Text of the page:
THE EXTRA COSTS OF BEING POOR

Around 14 million people in the UK who live in poverty pay extra for a range of essential goods and services such as energy, loans, insurance and for buying items for their homes.  These extra costs – the poverty premium – lock people in a cycle of poverty.

According to research from the Personal Finance Research Centre at University of Bristol, the poverty premium costs the average low income household £490 a year, but for more than one in ten of these households it costs at least £780.

Imagine having to pay around £300 a year more than other people for energy alone, just because you are poor. Add to that the higher costs of borrowing money, or having to buy household essentials through rent-to-own, as well as your daily bus fares costing more than a monthly pass because you don’t have the money to pay up front.

It doesn’t sound fair and it isn’t, but it doesn’t have to be this way. Products and services can be redesigned to meet the needs of everyone.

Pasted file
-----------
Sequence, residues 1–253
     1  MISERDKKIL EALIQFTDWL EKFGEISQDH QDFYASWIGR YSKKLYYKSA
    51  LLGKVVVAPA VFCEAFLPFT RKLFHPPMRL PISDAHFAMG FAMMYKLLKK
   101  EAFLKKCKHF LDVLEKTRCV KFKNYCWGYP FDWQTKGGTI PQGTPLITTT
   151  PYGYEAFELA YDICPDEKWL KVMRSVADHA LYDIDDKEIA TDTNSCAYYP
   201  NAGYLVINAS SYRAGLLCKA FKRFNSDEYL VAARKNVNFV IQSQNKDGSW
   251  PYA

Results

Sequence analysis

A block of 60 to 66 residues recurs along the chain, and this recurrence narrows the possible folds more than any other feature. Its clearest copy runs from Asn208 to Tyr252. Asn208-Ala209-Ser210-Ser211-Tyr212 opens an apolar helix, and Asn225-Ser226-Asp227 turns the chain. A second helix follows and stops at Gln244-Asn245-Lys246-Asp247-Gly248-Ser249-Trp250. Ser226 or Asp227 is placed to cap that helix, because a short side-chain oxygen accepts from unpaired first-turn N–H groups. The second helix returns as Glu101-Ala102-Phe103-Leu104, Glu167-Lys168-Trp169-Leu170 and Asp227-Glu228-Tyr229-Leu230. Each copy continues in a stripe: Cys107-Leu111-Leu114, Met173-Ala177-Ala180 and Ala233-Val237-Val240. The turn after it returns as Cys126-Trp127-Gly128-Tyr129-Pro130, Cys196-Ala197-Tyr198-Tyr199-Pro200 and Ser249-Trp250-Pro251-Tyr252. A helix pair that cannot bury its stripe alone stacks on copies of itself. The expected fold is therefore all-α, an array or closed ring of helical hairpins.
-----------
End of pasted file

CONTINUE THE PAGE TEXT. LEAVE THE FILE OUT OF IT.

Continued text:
BEING POOR COSTS MORE WHEN…

The washing machine breaks and you have no savings to buy a new one outright. So you go to a payday lender, or a rent-to-own company, where you’ll end up paying three times as much as other people pay up front for the same washing machine on the high street.

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You’re not on the best energy tariff because you just don’t have time to find the best deal. And if you’re on a pre-payment meter, on average, you will pay a third more than paying by Direct Debit – which you can’t afford to do because you don’t have a fixed amount coming in every month.

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